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Serratia marcescens outbreak in a COVID-19 intensive care unit – Are there any factors specific to COVID-19 units that facilitate bacterial cross-contamination between COVID-19 patients?

Published:October 20, 2021DOI:https://doi.org/10.1016/j.ajic.2021.10.005

      Highlights

      • Bacterial outbreaks in COVID-19 dedicated units have been reported in the literature.
      • Superinfection of COVID-19 patients is associated with worse clinical outcomes.
      • Some factors, specific to COVID-19 units, can increase bacterial cross-contamination.
      • Raising awareness for such factors can decrease COVID-19 units outbreaks.

      Summary

      COVID-19 dedicated units were created early in the pandemic. Despite their need, factors specific to these units can possibly increase the risk of bacterial cross-contamination between COVID-19 patients. We report a Serratia marcescens outbreak in a COVID-19 intensive care unit, later discussing factors specific to COVID-19 units that may facilitate bacterial cross-contamination in such units, and raising awareness for such an issue.

      Keywords

      Report

      Since COVID-19 was first reported, the scientific community has worked hard to battle COVID-19. In the last months, vaccination rates increased and hospital admissions, mainly in developed countries, are decreasing. However, COVID-19 dedicated units are still commonplace and, to our knowledge, published reports on inpatient bacterial cross-contamination between COVID-19 patients are limited. We report a Serratia marcescens outbreak which occurred in a 16-bed intensive care unit (ICU) in Portugal during a period of high COVID-19 incidence (February 2021), later discussing the role of some factors, specific to COVID-19 units, that may facilitate bacterial outbreaks in COVID-19 units, and raising awareness for such outbreaks.
      This outbreak started on February 2, 2021. Patient A had been admitted to the ICU due to COVID-19 pneumonia 4 days before. On mechanical ventilation for 3 days, further respiratory compromise, increased inflammatory parameters, and worsened septic shock ensued. He was started on piperacillin-tazobactam and tracheobronchial cultures were collected. These were positive for Serratia marcescens that was resistant to amoxicillin-clavulanate and sensitive to piperacillin-tazobactam, meropenem, and gentamicin. Four days later, on February 6, 2021, a second patient (patient B) also tested positive for a Serratia marcescens with the same antibiotic susceptibility test. He was on day 2 of meropenem, which was maintained for 14 days. The same happened during the next weeks to 5 more patients: on February 9, 2021, patient C also tested positive for S. marcescens. He lied in the room next to that of patient A. Later, on February 20, 2021, patient D became positive. Patient E S. marcescens was identified on February 27, 2021, patient F on March 3, 2021, and, finally, on March 7, 2021, S. marcescens was identified one last time, in the tracheobronchial secretions of patient G, a patient that had undergone tracheostomy 10 days before. Overall, 7 patients tested positive for S. marcescens during a 33-day period, during which 32 patients were cared for in this ICU, meaning that 21.9% of the patients treated in this ICU during this period became superinfected with S. marcescens. Of these, 6 were diagnosed with ventilator-associated pneumonia caused by Serratia marcescens (3 with associated septic shock), and 1 was diagnosed with Serratia marcescens bacteraemia. All isolates had the same profile of antibiotic susceptibility. Patients’ clinical courses and information regarding S. marcescens infection are further detailed in Table 1.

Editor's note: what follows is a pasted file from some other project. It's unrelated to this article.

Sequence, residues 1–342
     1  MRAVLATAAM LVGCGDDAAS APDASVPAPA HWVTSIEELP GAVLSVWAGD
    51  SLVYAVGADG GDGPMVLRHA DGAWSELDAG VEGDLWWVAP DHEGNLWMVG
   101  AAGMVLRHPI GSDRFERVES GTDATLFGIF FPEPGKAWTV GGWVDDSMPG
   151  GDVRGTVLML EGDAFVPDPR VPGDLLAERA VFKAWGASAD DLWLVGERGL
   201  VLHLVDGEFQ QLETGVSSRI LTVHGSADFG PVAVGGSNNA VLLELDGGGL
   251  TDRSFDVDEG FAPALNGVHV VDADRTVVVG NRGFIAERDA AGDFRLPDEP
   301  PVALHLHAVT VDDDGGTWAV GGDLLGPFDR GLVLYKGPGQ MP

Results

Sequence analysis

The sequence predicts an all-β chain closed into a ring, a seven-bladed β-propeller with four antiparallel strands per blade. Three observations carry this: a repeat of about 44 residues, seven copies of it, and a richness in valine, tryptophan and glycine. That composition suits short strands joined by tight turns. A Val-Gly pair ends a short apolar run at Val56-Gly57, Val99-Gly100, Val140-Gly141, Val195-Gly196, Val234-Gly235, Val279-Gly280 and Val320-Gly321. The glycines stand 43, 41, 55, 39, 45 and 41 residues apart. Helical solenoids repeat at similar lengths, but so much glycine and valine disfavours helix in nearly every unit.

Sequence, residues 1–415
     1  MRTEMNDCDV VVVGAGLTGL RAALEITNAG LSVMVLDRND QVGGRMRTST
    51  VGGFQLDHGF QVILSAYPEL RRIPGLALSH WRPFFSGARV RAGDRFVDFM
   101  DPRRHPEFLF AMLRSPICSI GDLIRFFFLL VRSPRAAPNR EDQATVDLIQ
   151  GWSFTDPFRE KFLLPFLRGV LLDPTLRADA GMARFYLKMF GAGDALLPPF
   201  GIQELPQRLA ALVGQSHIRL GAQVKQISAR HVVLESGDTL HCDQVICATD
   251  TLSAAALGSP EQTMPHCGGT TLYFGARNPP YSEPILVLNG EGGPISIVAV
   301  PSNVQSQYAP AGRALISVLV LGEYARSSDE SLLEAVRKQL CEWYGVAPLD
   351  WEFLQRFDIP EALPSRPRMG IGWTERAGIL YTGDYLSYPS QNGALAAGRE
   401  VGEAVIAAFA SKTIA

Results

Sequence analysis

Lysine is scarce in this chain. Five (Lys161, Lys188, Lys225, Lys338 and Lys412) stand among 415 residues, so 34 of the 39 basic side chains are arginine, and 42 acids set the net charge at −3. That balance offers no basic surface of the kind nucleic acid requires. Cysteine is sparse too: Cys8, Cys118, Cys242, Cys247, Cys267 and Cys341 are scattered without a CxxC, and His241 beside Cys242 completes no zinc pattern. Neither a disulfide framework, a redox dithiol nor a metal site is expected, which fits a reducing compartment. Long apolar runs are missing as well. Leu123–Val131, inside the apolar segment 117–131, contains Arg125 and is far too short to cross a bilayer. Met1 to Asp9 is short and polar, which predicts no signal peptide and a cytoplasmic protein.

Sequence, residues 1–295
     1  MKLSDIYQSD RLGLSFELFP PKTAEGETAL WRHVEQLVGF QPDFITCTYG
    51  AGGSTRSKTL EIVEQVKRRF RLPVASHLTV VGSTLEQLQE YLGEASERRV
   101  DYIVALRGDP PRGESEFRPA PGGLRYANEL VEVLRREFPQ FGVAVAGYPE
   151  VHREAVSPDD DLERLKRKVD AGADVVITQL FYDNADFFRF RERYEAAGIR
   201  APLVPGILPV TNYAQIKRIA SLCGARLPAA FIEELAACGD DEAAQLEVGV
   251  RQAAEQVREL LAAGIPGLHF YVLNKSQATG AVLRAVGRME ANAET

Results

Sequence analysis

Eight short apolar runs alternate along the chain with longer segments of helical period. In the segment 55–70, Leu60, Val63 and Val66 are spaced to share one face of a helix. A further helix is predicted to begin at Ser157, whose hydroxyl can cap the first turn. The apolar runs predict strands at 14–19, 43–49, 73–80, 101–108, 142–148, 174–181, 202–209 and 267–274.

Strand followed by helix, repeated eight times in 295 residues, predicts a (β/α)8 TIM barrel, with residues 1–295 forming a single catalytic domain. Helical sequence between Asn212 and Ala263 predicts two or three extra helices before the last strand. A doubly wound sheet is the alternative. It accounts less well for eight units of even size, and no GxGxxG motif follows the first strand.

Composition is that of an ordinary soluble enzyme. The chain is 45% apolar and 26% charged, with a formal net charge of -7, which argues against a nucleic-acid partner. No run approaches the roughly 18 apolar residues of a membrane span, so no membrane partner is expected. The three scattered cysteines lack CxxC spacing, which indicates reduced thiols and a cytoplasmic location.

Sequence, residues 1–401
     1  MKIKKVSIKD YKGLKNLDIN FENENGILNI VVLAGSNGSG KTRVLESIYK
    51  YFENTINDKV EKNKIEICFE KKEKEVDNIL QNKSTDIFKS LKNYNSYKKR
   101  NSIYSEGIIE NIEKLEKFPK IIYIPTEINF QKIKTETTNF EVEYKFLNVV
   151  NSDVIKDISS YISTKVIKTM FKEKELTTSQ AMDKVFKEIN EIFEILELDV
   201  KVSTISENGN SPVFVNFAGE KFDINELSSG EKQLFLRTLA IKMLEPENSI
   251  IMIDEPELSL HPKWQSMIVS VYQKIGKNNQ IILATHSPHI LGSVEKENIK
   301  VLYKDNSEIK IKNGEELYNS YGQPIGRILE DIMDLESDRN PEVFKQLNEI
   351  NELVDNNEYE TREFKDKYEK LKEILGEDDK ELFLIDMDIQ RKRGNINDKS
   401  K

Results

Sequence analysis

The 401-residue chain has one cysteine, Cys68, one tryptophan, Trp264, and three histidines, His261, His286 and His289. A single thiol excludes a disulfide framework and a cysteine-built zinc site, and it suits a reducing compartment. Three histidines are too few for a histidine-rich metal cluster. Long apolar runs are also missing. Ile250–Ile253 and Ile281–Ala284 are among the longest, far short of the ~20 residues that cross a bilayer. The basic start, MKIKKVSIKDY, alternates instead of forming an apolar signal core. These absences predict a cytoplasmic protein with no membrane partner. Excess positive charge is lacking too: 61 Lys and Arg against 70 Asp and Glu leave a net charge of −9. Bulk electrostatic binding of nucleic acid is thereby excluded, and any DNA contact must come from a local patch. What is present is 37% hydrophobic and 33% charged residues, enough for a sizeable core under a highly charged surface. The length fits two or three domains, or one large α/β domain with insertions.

Table 1Patients' clinical course, S. marcescens infection information, and clinical outcomes
      PatientSexAgeDay of COVID-19 diagnosisDay of hospital admissionDay of ICU admissionDate of specimen collectionType of specimen where the Serratia marcescens was identifiedClinical course of the patient associated with Serratia marcescens identificationTreatmentDay of ICU dischargeDay of hospital dischargeOutcome
      AMale76Jan 28, 2021Jan 28, 2021Jan 28, 2021Feb 2, 2021Tracheobronchial secretionsVentilator-associated pneumonia and septic shockPiperacillin-tazobactamApr 26, 2021Jun 6, 2021Death in the ward
      BMale84Jan 24, 2021Jan 29, 2021Jan 29, 2021Feb 6, 2021Tracheobronchial secretionsVentilator-associated pneumonia and sepsisMeropenemMar 31, 2021Jun 28, 2021Discharged home
      CMale71Jan 24, 2021Jan 24, 2021Jan 26, 2021Feb 9, 2021Tracheobronchial secretionsVentilator-associated pneumonia and septic shockMeropenemMar 10, 2021-Death in the ICU
      DMale69Jan 25, 2021Feb 2, 2021Feb 7, 2021Feb 20, 2021Tracheobronchial secretionsVentilator-associated pneumoniaPiperacillin-tazobactamApr 1, 2021Apr 9, 2021Discharged home
      EFemale75Jan 28, 2021Feb 2, 2021Feb 9, 2021Feb 27, 2021Blood culturesBacteraemiaPiperacillin-tazobactamMar 7, 2021Apr 7, 2021Discharged home
      FFemale77Feb 16, 2021Feb 16, 2021Feb 19, 2021Mar 3, 2021Tracheobronchial secretionsVentilator-associated pneumonia and septic shockPiperacillin-tazobactam--Discharged to another ICU on Mar 23, 2021
      GFemale67Jan 22, 2021Jan 24, 2021Jan 25, 2021Mar 7, 2021Tracheobronchial secretionsVentilator-associated pneumoniaPiperacillin-tazobactamMar 15, 2021Mar 19, 2021Discharged home
      There are several published reports of Serratia marcescens hospital outbreaks.
      • Mahlen SD
      Serratia infections: from military experiments to current practice.